RE/MAX 440
John F. O'Hara

John F. O'Hara
731 W Skippack Pike  Blue Bell  PA 19422
Phone:  610-277-4060
Office:  215-643-3200
Cell:  267-481-1786
Fax:  267-354-6973

My Blog

Homeowners: Make Way for the Super Kitchen

February 10, 2016 1:42 am

More activities than ever take place in the kitchen—so much so that a new movement has emerged. “Super kitchens,” coined by and revealed in its recently released Kitchen Trends Survey, blur the lines between the heart of the home and other living spaces.

“The modern ‘super kitchen’ supports family, friends and work and does it in style,” says Nino Sitchinava, principal economist at Houzz. “Our findings show that homeowners expect kitchen renovations to go far beyond improving flow, storage or aesthetics. The ‘super kitchen’ has literally become a living room, family room and office, with finishes, layouts and decor that challenge us to define where the kitchen ends and the rest of the home begins.”

According to the survey, homeowners have adapted their kitchens to serve a multitude of needs, including:

• Dining Space (69 percent)
• Entertainment Space (49 percent)
• Space for Socializing (43 percent)
• Homework Space (25 percent)
• Space for Television Viewing (19 percent)
• Reading Space (14 percent)

To meet these needs, homeowners have adjusted the layout of their kitchens—46 percent have made the space completely open to other interior rooms, and one in five were opened to the outdoors. Thirty-five percent of homeowners renovated their kitchens into a U-shaped layout; 28 percent remodeled their kitchens into an L-shaped layout.

Homeowners have also added features traditionally reserved for living and dining rooms to their super kitchens, including:

• Dining Tables (25 percent)
• Chandeliers (23 percent)
• Televisions (14 percent)
• Desks and Workspaces (7 percent)

Why the shift to super? Aside from necessity, many homeowners report simply being unable to stand their outdated kitchen—a motivation that surpassed budget concerns. Approximately half of homeowners (52 percent) spent $25,000 or less on kitchen renovations; nearly identical percentages (31 and 30 percent, respectively) spent $25,000 to $50,000 or $50,000 or more on kitchen renovations.

Source: Houzz

Published with permission from RISMedia.


Uneasy about Retirement? Write Out Your Goals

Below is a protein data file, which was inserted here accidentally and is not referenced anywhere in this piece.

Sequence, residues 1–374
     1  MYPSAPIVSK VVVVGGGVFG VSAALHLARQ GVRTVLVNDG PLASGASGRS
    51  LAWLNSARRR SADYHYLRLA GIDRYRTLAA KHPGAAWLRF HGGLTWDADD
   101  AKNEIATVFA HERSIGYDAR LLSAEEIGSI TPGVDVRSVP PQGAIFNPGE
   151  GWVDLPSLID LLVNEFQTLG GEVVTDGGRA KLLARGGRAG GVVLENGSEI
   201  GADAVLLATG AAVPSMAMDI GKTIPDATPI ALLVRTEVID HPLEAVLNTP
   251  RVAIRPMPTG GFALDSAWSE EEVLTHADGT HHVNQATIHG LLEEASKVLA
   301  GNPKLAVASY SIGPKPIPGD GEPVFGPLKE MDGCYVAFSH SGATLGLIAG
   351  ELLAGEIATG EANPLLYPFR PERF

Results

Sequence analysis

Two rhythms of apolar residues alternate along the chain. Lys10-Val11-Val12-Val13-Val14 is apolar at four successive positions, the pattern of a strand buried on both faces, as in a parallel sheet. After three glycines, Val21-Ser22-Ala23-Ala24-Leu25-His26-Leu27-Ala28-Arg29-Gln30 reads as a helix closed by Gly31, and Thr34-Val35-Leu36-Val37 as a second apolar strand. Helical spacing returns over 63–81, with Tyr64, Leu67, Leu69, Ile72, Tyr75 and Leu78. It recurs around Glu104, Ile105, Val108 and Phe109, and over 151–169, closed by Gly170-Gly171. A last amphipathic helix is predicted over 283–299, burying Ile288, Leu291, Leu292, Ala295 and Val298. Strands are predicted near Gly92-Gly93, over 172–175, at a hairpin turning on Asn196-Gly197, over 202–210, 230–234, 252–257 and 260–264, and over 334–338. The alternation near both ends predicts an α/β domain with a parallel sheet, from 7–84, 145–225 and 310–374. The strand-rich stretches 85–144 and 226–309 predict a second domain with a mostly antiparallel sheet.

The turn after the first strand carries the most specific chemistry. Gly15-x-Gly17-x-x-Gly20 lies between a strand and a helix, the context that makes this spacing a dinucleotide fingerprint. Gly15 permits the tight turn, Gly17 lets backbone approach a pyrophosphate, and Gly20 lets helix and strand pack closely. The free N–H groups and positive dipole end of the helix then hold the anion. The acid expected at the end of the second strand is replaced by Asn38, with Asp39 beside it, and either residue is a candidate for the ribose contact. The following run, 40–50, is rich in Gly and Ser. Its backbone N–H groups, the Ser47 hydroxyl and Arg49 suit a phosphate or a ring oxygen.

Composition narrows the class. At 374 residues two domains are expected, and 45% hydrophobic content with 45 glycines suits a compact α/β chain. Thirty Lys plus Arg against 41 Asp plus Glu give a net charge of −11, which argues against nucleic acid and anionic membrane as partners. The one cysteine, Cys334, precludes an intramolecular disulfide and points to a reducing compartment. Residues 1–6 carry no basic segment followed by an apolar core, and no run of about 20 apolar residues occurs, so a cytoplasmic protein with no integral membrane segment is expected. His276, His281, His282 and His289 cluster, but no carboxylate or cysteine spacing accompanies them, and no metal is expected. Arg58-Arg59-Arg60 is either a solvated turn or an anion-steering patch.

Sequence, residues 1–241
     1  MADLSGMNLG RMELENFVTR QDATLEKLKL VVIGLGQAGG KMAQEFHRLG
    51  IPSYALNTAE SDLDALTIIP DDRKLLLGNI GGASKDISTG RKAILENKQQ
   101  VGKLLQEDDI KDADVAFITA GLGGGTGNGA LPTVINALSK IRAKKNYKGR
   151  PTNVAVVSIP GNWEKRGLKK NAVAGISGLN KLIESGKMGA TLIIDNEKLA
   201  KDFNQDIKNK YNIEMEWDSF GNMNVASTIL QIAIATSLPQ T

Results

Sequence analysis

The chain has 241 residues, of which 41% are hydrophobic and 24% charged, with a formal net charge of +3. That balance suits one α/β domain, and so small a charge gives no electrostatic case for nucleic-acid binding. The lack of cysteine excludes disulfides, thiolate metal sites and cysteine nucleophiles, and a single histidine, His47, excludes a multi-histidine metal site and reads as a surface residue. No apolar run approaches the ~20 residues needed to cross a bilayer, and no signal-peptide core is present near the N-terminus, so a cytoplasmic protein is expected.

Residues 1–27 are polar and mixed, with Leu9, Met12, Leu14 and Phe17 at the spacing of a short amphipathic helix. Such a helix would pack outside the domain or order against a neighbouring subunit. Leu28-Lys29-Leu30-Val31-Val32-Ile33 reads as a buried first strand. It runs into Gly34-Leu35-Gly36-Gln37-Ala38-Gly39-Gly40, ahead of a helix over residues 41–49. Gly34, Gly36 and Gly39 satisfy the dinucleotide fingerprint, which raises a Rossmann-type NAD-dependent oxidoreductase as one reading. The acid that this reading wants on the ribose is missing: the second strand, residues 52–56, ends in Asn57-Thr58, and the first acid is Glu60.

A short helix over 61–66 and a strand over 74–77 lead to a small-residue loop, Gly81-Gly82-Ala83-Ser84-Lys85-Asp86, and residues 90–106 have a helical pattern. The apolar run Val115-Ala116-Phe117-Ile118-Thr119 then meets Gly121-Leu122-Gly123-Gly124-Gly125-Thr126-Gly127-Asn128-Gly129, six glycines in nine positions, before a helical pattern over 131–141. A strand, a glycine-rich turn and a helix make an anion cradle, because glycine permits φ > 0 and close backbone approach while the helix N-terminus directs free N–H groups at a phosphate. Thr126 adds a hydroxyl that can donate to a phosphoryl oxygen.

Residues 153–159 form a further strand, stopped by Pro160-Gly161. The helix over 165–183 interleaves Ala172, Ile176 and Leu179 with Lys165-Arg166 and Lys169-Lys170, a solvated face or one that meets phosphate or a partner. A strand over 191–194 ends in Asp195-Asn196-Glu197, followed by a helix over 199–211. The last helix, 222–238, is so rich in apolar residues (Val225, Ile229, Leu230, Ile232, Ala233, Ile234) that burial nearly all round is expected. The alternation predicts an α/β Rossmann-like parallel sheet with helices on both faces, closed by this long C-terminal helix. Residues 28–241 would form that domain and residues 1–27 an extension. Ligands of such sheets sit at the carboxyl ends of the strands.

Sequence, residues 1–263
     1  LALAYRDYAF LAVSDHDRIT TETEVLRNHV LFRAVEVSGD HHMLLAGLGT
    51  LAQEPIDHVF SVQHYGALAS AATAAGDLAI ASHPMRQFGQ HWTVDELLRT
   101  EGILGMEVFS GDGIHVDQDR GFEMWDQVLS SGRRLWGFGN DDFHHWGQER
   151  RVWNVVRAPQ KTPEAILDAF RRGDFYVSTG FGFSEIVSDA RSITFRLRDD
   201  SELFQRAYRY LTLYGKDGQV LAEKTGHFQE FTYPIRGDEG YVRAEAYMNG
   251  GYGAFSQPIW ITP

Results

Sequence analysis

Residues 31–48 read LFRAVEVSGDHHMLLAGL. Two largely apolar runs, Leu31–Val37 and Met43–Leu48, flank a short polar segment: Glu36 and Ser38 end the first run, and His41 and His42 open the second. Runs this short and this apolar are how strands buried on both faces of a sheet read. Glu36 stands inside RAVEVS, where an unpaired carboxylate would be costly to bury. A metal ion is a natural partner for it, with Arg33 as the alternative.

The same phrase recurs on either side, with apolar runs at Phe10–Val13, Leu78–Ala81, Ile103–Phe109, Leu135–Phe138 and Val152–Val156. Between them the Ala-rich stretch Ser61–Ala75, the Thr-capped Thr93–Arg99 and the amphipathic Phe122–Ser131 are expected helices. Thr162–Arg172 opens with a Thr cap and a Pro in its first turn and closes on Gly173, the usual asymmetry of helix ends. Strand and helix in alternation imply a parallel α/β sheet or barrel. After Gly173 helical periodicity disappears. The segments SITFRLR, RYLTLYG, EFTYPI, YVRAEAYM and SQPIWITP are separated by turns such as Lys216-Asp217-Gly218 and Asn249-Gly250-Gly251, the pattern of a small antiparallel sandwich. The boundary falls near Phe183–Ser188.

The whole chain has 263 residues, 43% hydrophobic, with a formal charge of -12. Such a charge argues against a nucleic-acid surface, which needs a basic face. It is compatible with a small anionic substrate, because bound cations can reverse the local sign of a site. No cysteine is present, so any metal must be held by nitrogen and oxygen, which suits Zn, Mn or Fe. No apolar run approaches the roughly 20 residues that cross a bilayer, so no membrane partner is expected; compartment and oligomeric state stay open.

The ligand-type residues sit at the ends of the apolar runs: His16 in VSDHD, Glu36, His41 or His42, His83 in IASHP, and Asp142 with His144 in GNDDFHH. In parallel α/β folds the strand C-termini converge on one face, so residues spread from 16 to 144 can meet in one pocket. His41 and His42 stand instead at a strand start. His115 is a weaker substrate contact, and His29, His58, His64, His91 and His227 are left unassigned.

February 9, 2016 1:39 am

Writing down information not only helps you retain it, but it also helps to set the wheels in motion—and when it comes to retirement, action can make all the difference. According to recently released research from the LIMRA Secure Retirement Institute, pre-retirees with formal, written retirement plans feel more confident about their future than those without, and are twice as likely to feel prepared for retirement.

"While three-quarters of pre-retirees and retirees have some kind of financial retirement plan, our study found only 16 percent have a formal written retirement plan,” says Matthew Drinkwater, PhD., assistant vice president, LIMRA Secure Retirement Institute.  “Our research demonstrated that taking the time to create a formal written retirement plan—which involves a comprehensive discussion about goals, asset management and risk mitigation—often leads to better outcomes in retirement.”

The research, documented in a study called “The Benefits of Retirement Planning,” reveals a stark contrast between those who write out their retirement goals and those who do not, with significant implications for retirement outcomes. For example:

• Eighty percent of those with a formal written plan have estimated how many years their assets will last into retirement, nearly double of those who don’t have a formal written plan (42 percent).

• More than three-quarters of pre-retirees and retirees who have a formal written plan (78 percent) have developed a specific plan for generating income from savings; only 38 percent of those without a formal written plan have done the same.

• Pre-retirees with formal written plans are twice as likely to convert a portion of their assets into guaranteed income (22 percent vs. 11 percent). Retirees with formal written plans are three times as likely to convert a portion of their assets into guaranteed income (25 percent vs. 8 percent).

“Strikingly, most of pre-retirees and retirees we interviewed said they would not have been as financially successful without a formal written retirement plan, acknowledging their own lack of awareness and skill,” says Drinkwater. “Even the wealthier consumers said they found value in a formal plan—if only to review and vet their own ideas.”

Source: LIMRA

Published with permission from RISMedia.